As a continuation on the theme of identity, motherhood is a prevalent theme in I Know Why the Caged Bird Sings that places black mothers as breeders and matriarchs. Lauret (97) indicates that the plot construction and the development of characters in the narrative have been influenced by the motherhood motif. For instance, during the initial five years of her life, Maya perceives herself as an orphan, who finds solace in the thought of her dead mother. The feelings that Maya that Maya had for her mother and the relationship with her own mother are evident in the ambivalence. The theme of identity is also emphasized through the strong black woman motif in the narrative. Irrespective of the fact that Maya continually dealt with insecurity and displacement in the course of her childhood, she turns out to be a remarkable role model for black women. In addition, other characters such as Momma, Vivian, Bertha Flowers and Grandmother Baxter determine their own paths that depict their self-identity, dignity and respect. No black character in the narrative surrender to the indignities and identity crisis posed by racism, which implies that their characterization enhances the development of the theme of identity and racism. Maya finds her own path and fights to be the first street car conductor of African American origin in San Francisco. Irrespective of the challenges posed by the racist society, the character of Momma depicts self-respect and faith, which in turn influences Maya and Bailey. The confrontation with the three girls, which is considered an overt instance of racism, is a victory for Momma due to her refusal to be displaced. Momma approached racism with dignity, respect and maturity. Momma is depicted as the moral focus of the family in relation to the life of Maya. The children are raised by Momma using strong Christian values and rules. Momma is depicted as having an unshakable faith in God, the loyalty she has to the black community and love for everything that is around him (Angelou 65). In fact, Momma informs Maya of how she is supposed to carry herself when with white people and adopts a realist approach with regard to race relations. This characterization plays an integral role in the thematic development of identity and racism. At the end of Chapter 34, Maya says that the character of the black woman should be perceived as having a fruitful outcome because of the struggle. Black women who can overcome the influences of racism and sexism have the chance of succeeding in finding their own paths. Such women have survived, and black women are identified as survivors. It is arguably evident that character development in this case has played a significant role in the development of the theme of identity in the text; this has been further enhanced using motifs such as strong black women.
The second theme that has been developed using the major characters in the narrative is racism. The characterization of the society and the major characters in the text depicts that the society is an instance of a racist world that comprises of black and white, and male and female. The characters have different views towards racism. According to Lauret (102), Maya’s life is shaped by the evil directed at black women in a racist society, which in turn helps in shaping her identity and resistance towards racism during adulthood. In the narrative, Angelou uses a bird struggling to get out of its cage as a metaphor. The caged bird denotes the limits of Maya’s confinement that mainly due to racism and oppression.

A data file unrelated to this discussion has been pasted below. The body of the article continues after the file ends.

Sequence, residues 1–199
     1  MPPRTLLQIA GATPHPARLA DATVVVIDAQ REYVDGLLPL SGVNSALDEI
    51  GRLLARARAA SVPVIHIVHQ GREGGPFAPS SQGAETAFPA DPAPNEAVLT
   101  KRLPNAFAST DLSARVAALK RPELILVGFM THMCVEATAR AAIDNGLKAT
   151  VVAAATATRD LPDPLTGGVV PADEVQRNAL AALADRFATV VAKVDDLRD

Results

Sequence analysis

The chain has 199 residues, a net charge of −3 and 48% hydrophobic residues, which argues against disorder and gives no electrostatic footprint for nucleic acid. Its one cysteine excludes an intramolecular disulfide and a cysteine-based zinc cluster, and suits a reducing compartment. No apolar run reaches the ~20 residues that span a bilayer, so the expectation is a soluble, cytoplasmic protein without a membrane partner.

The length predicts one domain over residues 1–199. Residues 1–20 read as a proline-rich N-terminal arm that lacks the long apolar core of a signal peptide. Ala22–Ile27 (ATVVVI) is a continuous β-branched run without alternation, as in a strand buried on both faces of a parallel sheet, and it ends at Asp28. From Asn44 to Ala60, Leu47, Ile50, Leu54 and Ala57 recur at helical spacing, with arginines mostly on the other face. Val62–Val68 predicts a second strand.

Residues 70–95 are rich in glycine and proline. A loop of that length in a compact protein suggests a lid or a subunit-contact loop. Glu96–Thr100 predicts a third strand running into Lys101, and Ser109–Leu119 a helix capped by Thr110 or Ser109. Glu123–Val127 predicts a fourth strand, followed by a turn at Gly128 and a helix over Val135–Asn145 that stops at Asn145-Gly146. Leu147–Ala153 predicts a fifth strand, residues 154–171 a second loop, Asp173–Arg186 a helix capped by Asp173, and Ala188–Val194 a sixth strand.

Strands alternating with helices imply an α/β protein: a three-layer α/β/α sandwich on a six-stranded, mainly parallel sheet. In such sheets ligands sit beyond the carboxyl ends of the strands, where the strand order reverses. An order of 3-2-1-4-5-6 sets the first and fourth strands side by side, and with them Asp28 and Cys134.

Angelou states that her survival in the racist society was facilitated by her constant involvement with people from the black community of Stamps and her stunning and realistic depiction of racist characters. Lauret (101) maintains that Angelou’s views and characterization on racism enhanced thematic unity in the narrative, which in turn helped in the development of central themes in the literary work. The structure of the text also makes significant contributions towards the development of central ideas in the text. I Know Why the Caged Bird Sings commenced with the earliest memories and later related to other events in a non-chronological manner. How the characters confront racism also makes significant contributions towards the development of the theme of racism. For instance, Maya confronts the “powhitetrash” event using rage, dishonor, resentment and defenselessness. However, Momma informs her of how one can uphold self-dignity and pride while confronting racism. In the narrative, Momma is depicted as confronting racism in a dignified manner. Momma is depicted as realist. Furthermore, Angelou describes the black community of Stamps as strong and unified, which indicates how the African American community challenges oppressive institutions. Arensberg (114) insists that the character development of Maya helps in thematic development of racism through her transformation from strong racial hatred towards the embracement of strong racial identity. Other black characters in I Know Why the Caged Bird Sings depict various ways used for resisting racism. For instance, Momma upholds her self-dignity using the realist approach by perceiving circumstances realistically. Big Bailey confronts racism through the acquisition of flashy clothing and a fancy car in order to decree his self-worth. In addition, Bailey mingles with women in order to proclaim his masculinity as a method to dehumanize and emasculate racism. The friends of Daddy Clidell use the injustice of the white people against using complicated and worthwhile cons. The family Vivian aims at nurturing toughness and forms connections with the underground forces to prevent any instances associated with racial harassment. The black community made use of the church to engage in subversive resistance to racism. The black community and black characters in the narrative are depicted as being optimistic for ending the confines imposed by racism. The racist society shaped their characters by developing various ways that they can use to confront racism.